The French ensemble Les Talens Lyriques, directed by founder Christophe Rousset, are celebrating their 25th season. Like many others this year, they are also celebrating Monteverdi’s 450th birthday, and brought concert performances of three of his lesser-performed works to this year’s Brighton Festival. The epic tales of tragedy and woe told in these three dramatic works just about fits into the Guest Director, poet Kate Tempest’s theme of the “Everyday Epic”. Two works from Monteverdi’s 8th book of Madrigali guerrieri, Il ballo delle ingrate and Combattimento di Tancredi e Clorinda, were placed either side of Lamento d’Arianna, a surviving remnant of the lost opera. This follows a staged production of these works by Pierre Audi for Dutch National Opera, and the young singers from that production have joined Les Talens Lyriques to bring the three works into the concert hall.

Christophe Rousset © Eric Larrayadieu
Christophe Rousset
© Eric Larrayadieu

Concert performances of previously staged productions can be problematic – the performers have to adapt to the absence of costumes, set and props, as well as dramatic action. Moreover, Brighton Dome is a relatively dry concert hall, perhaps lacking in the requisite atmosphere for such dramatic music. There were some strong, powerful voices here, notably bass Nathanaël Tavernier (Plutone) and mezzo-soprano Valeria Girardello (Venere). But herein lay the main problem with this performance. Whilst there was some fine singing, this was not always suited to the repertoire, and lightness and agility were often sacrificed for weighty, dramatic delivery.  

The missing opera Arianna and Il ballo delle ingrate – a dance/song combo  were both written for the wedding of Francesco Gonzaga in Mantua. In the former, Monteverdi surrounds a central dance section with a dramatic plot and a moral for the new bride, with the four Ingrates ending with the message, “Learn pity, ladies and maidens”, before returning to the Underworld. Arianna tells the story of Ariadne (Arianna) and her abandonment by Theseus on the island of Naxos, and was by all accounts hugely successful. However, the music was never published, and the Lament is all that we have. Monteverdi took text from Tasso’s epic tale of a duel between a Christian knight and a Muslim woman disguised as a man for his one-act dramatic work, Il combattimento di Tancredi e Clorinda, giving him the perfect vehicle for highly emotional and evocative writing, in the “stile concitato”, or “agitated style”. His graphic depiction of the duel and the subsequent tragic denouement is indeed highly affecting, and it apparently moved the audience to tears at the first performance.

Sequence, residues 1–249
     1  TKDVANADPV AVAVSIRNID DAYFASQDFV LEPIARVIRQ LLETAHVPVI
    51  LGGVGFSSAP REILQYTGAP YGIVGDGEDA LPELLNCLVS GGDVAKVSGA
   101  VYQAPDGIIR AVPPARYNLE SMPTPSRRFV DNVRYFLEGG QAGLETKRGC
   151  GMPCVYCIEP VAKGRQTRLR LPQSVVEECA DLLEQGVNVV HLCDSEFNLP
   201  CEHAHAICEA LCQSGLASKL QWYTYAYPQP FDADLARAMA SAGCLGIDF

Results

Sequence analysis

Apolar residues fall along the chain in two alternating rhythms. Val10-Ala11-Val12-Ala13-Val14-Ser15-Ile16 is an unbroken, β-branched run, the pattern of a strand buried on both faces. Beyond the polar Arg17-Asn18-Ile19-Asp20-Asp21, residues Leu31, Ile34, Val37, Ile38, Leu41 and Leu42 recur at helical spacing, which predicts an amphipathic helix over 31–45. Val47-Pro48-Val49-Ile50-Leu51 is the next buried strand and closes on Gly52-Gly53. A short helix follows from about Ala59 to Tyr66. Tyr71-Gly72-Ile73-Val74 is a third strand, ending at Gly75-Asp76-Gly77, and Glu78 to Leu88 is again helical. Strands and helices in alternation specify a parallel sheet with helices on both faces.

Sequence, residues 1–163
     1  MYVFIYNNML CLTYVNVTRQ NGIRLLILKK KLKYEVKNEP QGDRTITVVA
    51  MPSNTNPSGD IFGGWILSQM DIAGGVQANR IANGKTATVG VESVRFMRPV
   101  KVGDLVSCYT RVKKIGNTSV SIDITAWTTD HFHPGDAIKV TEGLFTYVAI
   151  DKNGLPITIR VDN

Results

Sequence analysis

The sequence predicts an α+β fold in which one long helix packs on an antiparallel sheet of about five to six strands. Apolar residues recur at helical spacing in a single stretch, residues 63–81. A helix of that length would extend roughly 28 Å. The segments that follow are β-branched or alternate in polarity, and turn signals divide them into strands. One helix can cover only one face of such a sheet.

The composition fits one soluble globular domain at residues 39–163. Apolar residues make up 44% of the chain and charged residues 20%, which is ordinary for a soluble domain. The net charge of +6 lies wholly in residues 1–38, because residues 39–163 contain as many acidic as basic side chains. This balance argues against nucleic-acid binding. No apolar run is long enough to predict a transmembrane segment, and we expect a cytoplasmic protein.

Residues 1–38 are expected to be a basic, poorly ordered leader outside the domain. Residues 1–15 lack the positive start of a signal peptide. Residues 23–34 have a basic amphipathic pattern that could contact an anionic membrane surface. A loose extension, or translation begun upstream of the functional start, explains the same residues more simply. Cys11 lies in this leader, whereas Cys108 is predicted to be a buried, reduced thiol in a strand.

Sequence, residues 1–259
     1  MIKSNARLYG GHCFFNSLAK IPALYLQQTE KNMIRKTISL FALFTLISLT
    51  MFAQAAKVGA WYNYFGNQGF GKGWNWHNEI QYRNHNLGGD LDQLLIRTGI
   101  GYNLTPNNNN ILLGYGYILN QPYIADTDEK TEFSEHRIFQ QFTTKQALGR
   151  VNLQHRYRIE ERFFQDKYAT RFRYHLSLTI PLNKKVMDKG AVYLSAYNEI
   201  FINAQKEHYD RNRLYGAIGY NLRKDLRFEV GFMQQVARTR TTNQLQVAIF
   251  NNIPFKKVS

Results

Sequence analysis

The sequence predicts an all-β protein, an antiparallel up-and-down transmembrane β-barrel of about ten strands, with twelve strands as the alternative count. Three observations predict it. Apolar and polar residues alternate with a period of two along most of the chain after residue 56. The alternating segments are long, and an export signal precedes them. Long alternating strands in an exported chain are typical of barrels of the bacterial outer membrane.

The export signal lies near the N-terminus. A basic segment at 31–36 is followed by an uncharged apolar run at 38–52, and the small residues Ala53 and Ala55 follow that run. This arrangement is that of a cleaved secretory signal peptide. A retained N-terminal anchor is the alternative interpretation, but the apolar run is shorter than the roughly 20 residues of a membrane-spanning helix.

In Il ballo delle ingrate, soprano Ginette Puylaert (Amore) had a light, delicate voice, which was rather dwarfed by Valeria Giradello’s full-bodied Venere. Yet Puylaert’s style was more suited to Monteverdi’s music, and it allowed her greater flexibility for the complexity of rhythms and text delivery than Giradello. Puylaert proved to be an exception, however, with the issue of weighty singing obscuring detail recurring throughout the evening. Tavenrier has an impressively rich, deep bass voice, and would surely be convincing in bigger, later repertoire, but here the weight of his delivery overpowered the subtleties of the music. Mezzo-soprano Magdalena Pluta, despite giving a dramatically passionate performance of Lamento d’Arianna, struggled to keep ensemble with the players in the faster text passages, where a lighter touch would have helped. Similarly Nicolas Maraziotis (Testo), though impressive in his command of his lengthy role in Combattimento di Tancredi e Clorinda, also got bogged down slightly in the rapid text sections, and initially his full tenorial attack led to some slightly overblown tuning. One moment of simplicity that stood out, however, was the quartet of Ingrates delivering the moral at the end of Il ballo delle ingrate. Here, Monteverdi sets the quartet of female voices with such beautiful transparency, unaccompanied, and in total contrast to the florid writing for Pluto, and the four singers here sang with touching restraint.

Rousset and his fine band deserve high praise, however. The strings were particularly energetic and perky in the dance rhythms of Il ballo delle ingrate, and they relished the battle sounds of striking swords and horses’ hooves in Combattimento. Rousset directed with clarity and precision from the keyboards, including a brief burst on the regal to accompany the arrival of the Shades from the Inferno in Il ballo. The harp and cello sensitively accompanied the Ingrate’s lament, and Rousset’s florid harpsichord ornamentation for Arianna’s pleas, “O Madre, o Padre” seemed fittingly desperate.

So this was a performance with many strengths, not least from Rousset and the players of Les Talens Lyriques, and it is great to see these works performed here in Brighton. But the combination of mostly heavy vocal delivery and a dry concert setting was ultimately not an entirely successful match.